If you’re been reading this blog for awhile, you’ll know that I’m a big fan of Splunk, and I even went so far as to Dockerize it for use in a lab/testing environment.
Well today I want to talk about a command in Splunk which I believe is seriously underrated: makeresults.
Makeresults (documented here) lets you generate fake events for testing purposes. No indexes are queried, no disks are touched, which means that makes results is very very fast. And when a query runs quickly, that means you can run it more times which means new queries and content will be developed faster.
In this post, I’m going to walk you through a way to use makeresults to learn the difference between the streamstats and eventstats commands.
Tarsplit is a utility I wrote which can split UNIX tarfiles into multiple parts while keeping files in the tarballs intact. I specifically wrote those because other ways I found of splitting up tarballs didn’t keep the individual files intact, which would not play nice with Docker.
But what does Docker have to do with tar?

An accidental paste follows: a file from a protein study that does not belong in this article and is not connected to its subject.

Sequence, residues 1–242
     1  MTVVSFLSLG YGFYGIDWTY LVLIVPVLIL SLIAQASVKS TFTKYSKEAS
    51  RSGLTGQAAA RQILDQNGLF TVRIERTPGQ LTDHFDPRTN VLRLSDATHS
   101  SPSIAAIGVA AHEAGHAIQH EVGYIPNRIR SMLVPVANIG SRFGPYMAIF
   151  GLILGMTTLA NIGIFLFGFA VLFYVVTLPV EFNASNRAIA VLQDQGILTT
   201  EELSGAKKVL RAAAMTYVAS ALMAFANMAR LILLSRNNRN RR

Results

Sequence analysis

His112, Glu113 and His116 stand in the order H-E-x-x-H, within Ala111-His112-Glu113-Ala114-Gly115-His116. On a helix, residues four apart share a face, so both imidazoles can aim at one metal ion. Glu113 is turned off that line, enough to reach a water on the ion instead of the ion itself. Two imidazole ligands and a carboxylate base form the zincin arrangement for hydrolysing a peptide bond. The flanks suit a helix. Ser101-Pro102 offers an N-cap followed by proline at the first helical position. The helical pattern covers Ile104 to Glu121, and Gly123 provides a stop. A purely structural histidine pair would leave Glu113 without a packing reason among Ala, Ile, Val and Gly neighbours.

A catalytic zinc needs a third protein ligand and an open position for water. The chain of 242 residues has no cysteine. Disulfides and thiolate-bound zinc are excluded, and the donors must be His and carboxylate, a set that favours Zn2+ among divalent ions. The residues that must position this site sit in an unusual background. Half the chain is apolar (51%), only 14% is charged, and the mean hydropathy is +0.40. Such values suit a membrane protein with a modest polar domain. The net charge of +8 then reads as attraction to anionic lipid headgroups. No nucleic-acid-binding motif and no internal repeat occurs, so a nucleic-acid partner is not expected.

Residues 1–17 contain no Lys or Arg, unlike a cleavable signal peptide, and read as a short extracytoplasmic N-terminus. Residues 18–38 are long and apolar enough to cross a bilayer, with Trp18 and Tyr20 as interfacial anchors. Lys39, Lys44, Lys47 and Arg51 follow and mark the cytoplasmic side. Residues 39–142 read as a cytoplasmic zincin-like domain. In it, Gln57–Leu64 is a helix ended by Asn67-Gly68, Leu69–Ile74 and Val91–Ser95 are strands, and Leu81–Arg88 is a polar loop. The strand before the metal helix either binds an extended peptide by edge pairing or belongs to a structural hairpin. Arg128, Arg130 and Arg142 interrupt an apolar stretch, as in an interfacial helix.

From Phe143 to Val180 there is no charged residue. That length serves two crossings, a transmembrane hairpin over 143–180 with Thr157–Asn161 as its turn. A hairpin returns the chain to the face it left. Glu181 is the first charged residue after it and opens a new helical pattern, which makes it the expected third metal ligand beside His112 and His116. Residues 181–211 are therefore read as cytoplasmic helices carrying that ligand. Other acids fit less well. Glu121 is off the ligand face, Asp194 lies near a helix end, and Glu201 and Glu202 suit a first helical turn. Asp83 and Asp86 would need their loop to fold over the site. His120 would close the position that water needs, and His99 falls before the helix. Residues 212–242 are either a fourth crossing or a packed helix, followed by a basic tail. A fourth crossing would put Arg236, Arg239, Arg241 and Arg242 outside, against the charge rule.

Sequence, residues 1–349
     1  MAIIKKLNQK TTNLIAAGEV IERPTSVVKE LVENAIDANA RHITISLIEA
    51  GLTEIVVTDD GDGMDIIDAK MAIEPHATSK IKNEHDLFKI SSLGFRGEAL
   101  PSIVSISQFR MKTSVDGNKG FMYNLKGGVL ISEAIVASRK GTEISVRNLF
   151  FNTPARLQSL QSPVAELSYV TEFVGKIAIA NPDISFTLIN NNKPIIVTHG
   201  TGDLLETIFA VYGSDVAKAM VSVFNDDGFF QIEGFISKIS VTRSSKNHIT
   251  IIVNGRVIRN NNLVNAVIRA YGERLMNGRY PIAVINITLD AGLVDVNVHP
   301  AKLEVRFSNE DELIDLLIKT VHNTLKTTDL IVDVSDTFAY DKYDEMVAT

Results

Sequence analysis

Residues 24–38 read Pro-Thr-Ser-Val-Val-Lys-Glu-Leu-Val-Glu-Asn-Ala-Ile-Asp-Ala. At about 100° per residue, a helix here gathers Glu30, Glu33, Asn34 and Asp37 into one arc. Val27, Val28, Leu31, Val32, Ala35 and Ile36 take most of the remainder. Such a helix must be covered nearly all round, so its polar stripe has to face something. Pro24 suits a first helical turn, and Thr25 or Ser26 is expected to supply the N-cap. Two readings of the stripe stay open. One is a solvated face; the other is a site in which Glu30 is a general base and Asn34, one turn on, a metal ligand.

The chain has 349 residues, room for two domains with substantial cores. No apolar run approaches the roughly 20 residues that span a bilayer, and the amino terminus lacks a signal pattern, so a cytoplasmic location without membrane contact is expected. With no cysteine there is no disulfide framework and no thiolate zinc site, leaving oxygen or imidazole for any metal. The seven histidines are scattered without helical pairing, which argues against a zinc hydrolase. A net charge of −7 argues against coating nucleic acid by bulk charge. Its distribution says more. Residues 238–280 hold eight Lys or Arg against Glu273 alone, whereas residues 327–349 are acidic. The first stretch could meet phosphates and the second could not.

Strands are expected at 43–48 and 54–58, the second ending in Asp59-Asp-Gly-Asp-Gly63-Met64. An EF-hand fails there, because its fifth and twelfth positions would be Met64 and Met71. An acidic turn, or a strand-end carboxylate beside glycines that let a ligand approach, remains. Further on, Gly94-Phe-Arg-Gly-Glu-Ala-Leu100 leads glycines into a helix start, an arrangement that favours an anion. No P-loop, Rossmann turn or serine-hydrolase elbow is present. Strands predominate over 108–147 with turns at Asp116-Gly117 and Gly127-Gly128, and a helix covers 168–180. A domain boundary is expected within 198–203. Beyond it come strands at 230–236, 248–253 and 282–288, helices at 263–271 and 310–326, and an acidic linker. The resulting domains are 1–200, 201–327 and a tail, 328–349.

While building the Docker images for my Splunk Lab project, I noticed that one of the layers was something like a Gigabyte in size! While Docker can handle large layers, the issue become one of time it takes to push or pull an image. Docker does validation on each layer as it’s received, and the validation of a 1 GB layer took 20-30 wall clock seconds. Not fun.
It occurred to me that if I could split up that layer into say, 10 layers of 100 Megabytes each, then Docker would transfer about 3 layers in parallel, and while a layer is being validated post-transfer, the next layer would start being transferred. The end result is less wall clock seconds to transfer an entire Docker image.
But there was an issue–Splunk and its applications are big. A few of the tarballs are hundreds of Megabytes in size, and I needed a way to split those tarballs into smaller tarballs without corrupting the files in them. This led to Tarsplit being written.